Loudspeaker Trends Bundle Better Sound With Installation Ease
Almost across the board, speaker manufacturers are responding to market demand with compact, powerful systems that are not just easier for customers to operate but also offer integrators a variety of cost savings.
“With so much DSP and amplifier technology being integrated into the average speaker box, the question is how to make things easier for the integrator and the customer,” considered Phil Sanchez, product manager for QSC Audio. “There’s clearly a trend to make these systems much simpler, much easier to use.”
On the portable side, he continued, “Powered loudspeakers are a big trend. It’s a lot less gear to carry.”
There is also a trend to get more into smaller boxes, he noted. “Some of that is due to the DSP that you can throw into the box to help get the maximum out of a driver or correct some things that weren’t maybe as easy to correct before, especially if it’s a powered loudspeaker.”
Customer expectations are also likely driving new designs. “People hear great sounding stereos at home, in their cars, at the movies, so they want that same experience in their office setting, their retail store, or wherever,” Sanchez said.
James “Buck” Waller, CEO for ISP Technologies, certainly strives to optimize performance. “Where others have two-way systems we have three-way; where other high-end boxes are three-way, ours are fourway,” he said. ISP has patent applications pending for the industry’s first true four-way system, he reported, with a single line array box handling from 90 Hz or 100 Hz out to around 20 kHz.
The efficiencies afforded by ISP ’s horn-loaded designs and power amp technology in general represent savings for integrators, Waller pointed out. “We can deliver more SPL per kilowatt of power off the line than any other system out there.”
A powered box means less installation time, too. “The contractor gets his hang points in place, plugs the speakers in, he’s done.” The use of Ethercon connectors on certain models, with low-, mid-, and high-band signals fed down a single cable, are another cost saver, according to Waller.
“Without question we have been driven by certain applications,” he continued, pointing to the smaller format 2208, which will debut at the 2011 NAMM Show this month in Anaheim, CA. “We’ve had many of our contractors say they have specific church designs where our small-format three-way box, the 3112, is just physically too large, but they have a desire to still have a line array performance.”
The Italian brand K-array, distributed in North America by Sennheiser, has taken compact form factors to the extreme. Sennheiser area sales manager Michael Hill reported that the Concert series line arrays offer a performance that belies their size, and provide significant cost savings.
For example, he said, the company recommends that two KH 4 mid/high units, which are about the size of a plasma television and six inches deep, be paired with a single KS 4 low frequency unit, of the same dimensions, which fit into one road case. “If you have two road cases plus two subs you can comfortably do four to 5,000 people and put it in a Sprinter van. Your truck pack is considerably smaller, and your labor in hanging, and liability, of course, is reduced.”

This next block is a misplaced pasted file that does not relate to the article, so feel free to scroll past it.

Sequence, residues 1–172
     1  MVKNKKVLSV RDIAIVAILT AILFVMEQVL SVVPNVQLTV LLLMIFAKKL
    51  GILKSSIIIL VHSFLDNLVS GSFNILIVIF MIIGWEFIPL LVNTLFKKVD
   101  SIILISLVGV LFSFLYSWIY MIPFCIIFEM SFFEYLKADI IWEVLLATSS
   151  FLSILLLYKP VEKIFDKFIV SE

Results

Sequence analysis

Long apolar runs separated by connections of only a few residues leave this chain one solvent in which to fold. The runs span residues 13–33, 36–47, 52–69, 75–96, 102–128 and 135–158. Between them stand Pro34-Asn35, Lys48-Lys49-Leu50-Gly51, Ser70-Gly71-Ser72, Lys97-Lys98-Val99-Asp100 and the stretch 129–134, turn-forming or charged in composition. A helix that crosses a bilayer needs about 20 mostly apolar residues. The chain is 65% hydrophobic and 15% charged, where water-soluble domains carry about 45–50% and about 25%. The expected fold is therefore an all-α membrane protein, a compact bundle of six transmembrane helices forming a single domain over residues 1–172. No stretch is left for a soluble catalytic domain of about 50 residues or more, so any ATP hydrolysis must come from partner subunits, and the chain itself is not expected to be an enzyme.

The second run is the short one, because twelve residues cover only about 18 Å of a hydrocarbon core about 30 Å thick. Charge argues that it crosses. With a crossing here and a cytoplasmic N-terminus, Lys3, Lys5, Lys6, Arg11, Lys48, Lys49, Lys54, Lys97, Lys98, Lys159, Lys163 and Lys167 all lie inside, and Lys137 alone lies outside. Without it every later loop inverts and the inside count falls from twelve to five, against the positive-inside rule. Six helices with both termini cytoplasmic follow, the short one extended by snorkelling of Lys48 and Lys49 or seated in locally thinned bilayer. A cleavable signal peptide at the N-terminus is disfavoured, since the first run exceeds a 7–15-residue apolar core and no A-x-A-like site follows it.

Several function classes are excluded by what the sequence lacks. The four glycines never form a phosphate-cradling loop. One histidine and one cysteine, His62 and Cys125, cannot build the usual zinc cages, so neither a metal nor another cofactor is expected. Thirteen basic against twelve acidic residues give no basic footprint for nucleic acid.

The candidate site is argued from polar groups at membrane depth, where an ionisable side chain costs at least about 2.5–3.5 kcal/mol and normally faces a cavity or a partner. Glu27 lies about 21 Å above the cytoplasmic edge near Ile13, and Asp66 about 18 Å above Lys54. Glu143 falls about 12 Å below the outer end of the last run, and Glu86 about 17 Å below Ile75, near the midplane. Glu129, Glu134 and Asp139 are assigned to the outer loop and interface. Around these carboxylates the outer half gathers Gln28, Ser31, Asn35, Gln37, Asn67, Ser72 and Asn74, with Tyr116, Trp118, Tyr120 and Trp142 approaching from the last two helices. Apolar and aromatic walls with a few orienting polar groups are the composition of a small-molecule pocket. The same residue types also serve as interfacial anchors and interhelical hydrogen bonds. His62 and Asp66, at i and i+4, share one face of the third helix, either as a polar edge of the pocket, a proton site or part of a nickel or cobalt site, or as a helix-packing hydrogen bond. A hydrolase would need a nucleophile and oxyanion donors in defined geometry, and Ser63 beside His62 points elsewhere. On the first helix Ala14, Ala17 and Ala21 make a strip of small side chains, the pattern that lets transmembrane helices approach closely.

Mike O’Neill, head engineer at Nashville’s One Systems, has brought 35 years of design experience to a line of products aimed directly at outdoor applications and indoor, high ambient noise environments. With outdoor venues presenting more elaborate productions before and during featured events, much higher fidelity is demanded of the speakers these days, he said. “It’s not just voice paging any more.”
One Systems focuses on direct radiator designs that incorporate larger voice coils, larger compression drivers and much higher power handling than historical outdoor horn products. “The cost per watt of an amplifier is almost free these days,” O’Neill observed. “So I don’t worry about efficiency, I worry about bandwidth and intelligibility.”
But One Systems’ products are certainly efficient for integrators: “If you give them a full bandwidth system they only have to hang one box instead of a horn and a horn, and a horn, and then a sub to go with it.” Once in place, the boxes tend to sell themselves, O’Neill added. “If it’s a sports venue, 50 percent of the sales come from the opposing team!”
- Margin Builder
- There are various factors that allow integrators to increase profits in loudspeaker sales, according to QSC Audio’s Phil Sanchez. “If the products are easier to install then obviously it requires less labor. That leads to better margins, and better profits for the integrator. Related to that, if they’re getting better margins or profits, that opens the door for the integrator to hire some new expertise. Maybe he was only doing a certain type of install; if he has a little bit more money it’s an opportunity for him to grow the business and get into new areas by hiring some new talent to help expand.”
Steve Harvey (firstname.lastname@example.org) has been west coast editor for Pro Sound News since 2000 and also contributes to TV Technology and Pro Audio Review.
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